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Behavior in Social & Cultural Context. SOCIAL AND CULTURAL PSYCHOLOGY Social psychologists –Study how social roles, attitudes, relationships, and groups.

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Presentation on theme: "Behavior in Social & Cultural Context. SOCIAL AND CULTURAL PSYCHOLOGY Social psychologists –Study how social roles, attitudes, relationships, and groups."— Presentation transcript:

1 Behavior in Social & Cultural Context

2 SOCIAL AND CULTURAL PSYCHOLOGY Social psychologists –Study how social roles, attitudes, relationships, and groups influence people to do things they would not necessarily do on their own. Cultural psychologists –Study the origins of roles, attitudes, and group norms in people’s ethnic, regional, and national communities.

3 Roles and Rules Norms –Rules about how people are supposed to act. Roles –Positions in society that are regulated by norms about how people in those positions should behave.

4 Milgram’s Obedience Study Method –Subjects thought they were in an experiment about the effect of punishment on learning, and were instructed to give increasing levels of shock to another subject every time an error was made. –No one received shocks, but the subjects did not know this.

5 Milgram’s Obedience Study Results –Every subject administered at least one shock to the learner. –Two-thirds obeyed the experimenter and gave all the levels of shock, even though they thought the victim was in pain. –Many subjects were visibly upset by being asked to administer shocks, but continued anyway.

6 Milgram’s Obedience Study Subsequent studies examined conditions for disobedience. Nothing the victim said or did decreased the subjects’ compliance. Participants were more likely to disobey orders when: –The experimenter left the room. –The victim was in the room with the subject, and the subject had to administer the shock directly to the victim. –Two experimenters issued conflicting demands. –An ordinary person, not an authority figure, issued commands. –The participant worked with peers who refused to go further.

7 Milgram’s Obedience Study Conclusions –Obedience is a function of the situation, not of personality. –The nature of the relationship to authority influences obedience.

8 Stanford Prison Study (Zimbardo) Method –College students were randomly assigned to the roles of prisoners or guards. –No further instructions were given on how to behave. Results –Some “prisoners” quickly became distressed, helpless, and panicky; others became rebellious and angry. –Half of the prisoners begged to be let out of the study after a few day. –Guards acted like guards; one-third became tyrannical. –Guards seemed to enjoy their roles. –Researchers terminated the study early, because they had not expected such a quick transformation from college student to prisoner or guard. Conclusions –Researchers say people’s behavior depends in part on their roles. –Situations can outweigh personality.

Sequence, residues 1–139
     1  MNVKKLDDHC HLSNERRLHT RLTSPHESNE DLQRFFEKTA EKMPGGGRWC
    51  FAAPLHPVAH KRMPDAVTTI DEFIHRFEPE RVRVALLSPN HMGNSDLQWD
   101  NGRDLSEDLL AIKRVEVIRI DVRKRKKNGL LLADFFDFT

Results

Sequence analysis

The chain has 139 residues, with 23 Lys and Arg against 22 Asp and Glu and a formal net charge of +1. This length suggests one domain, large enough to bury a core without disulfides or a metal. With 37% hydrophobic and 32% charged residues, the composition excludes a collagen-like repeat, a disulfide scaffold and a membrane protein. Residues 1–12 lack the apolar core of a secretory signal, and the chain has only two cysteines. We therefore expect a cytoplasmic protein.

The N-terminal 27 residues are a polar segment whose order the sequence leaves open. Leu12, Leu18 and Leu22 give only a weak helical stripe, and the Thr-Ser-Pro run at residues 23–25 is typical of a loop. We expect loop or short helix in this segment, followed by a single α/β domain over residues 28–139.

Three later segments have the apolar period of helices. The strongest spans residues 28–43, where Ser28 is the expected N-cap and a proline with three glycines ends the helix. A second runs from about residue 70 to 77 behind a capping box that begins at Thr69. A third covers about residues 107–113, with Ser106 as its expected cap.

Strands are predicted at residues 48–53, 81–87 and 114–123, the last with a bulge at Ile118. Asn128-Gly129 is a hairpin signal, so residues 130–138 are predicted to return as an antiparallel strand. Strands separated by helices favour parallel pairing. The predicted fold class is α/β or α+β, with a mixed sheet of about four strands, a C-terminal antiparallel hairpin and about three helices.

9 Why People Obey In both studies subjects’ behaviors depended on their assigned roles. Factors that cause people to obey when they would rather not: –Legitimization of authority allows people to feel absolved of responsibility for their actions –Routinization behavior becomes normalize –Wanting to be polite people do not want to rock the boat or appear rude –Entrapment obedience escalates through a commitment to a course of action

10 SOCIAL INFLUENCES ON BELIEFS Social Cognition –Area in social psychology concerned with social influences on thought, memory, perception, and other cognitive processes.

11 Attributions Attribution theory –Theory that people are motivated to explain their own and others’ behavior by attributing causes of that behavior to a situation or a disposition. Situational attributions –Identify the cause of an action as something in the environment. Dispositional attributions –Identify the cause of an action as something in the person, such as a trait or motive. Fundamental attribution error –Tendency to overestimate personality factors and underestimate the influence of the situation when explaining someone else’s behavior. –More prevalent in Western cultures.

12 Attributions Self-serving bias –When explaining one’s own behavior, people take credit for good actions and attribute the bad ones to the situation. Just-world hypothesis –People have a need to believe the world is fair and that good people are rewarded and bad people are punished. –This can lead to blaming the victim. Most human actions are determined by both the situation and personality.

13 Attitudes Relatively stable opinions containing a cognitive element and an emotional element. Affected by many social and environmental influences: –Some arise from the characteristic attitudes of each generation. –Events that occur when a person is between the ages of 16 to 24 appear to be critical for the formation of generational identity. Attitudes and behavior can affect each other.

14 Cognitive Dissonance Uncomfortable feeling that occurs when two attitudes or an attitude and behavior are in conflict. To resolve the dissonance most people will change one of the attitudes. Usually people restore cognitive consistency by dismissing evidence that might otherwise throw their fundamental beliefs into question.

15 Persuasion A form of social influence. It is the process of guiding people toward the adoption of an idea, attitude, or behavior by rational and symbolic (though not always logical) means. It is strategy of problem-solving relying on "appeals" rather than strength.

16 Friendly Persuasion Repetition of information increases the likelihood it will be believed--called the validity effect –Exposure to an argument from an attractive person is also persuasive. –Pairing a message with something pleasant also increases persuasion. –Fear Often causes people to resist arguments that are in their own best interest. May aid persuasion if the information produces moderate anxiety levels and if message provides information on how to avoid the danger.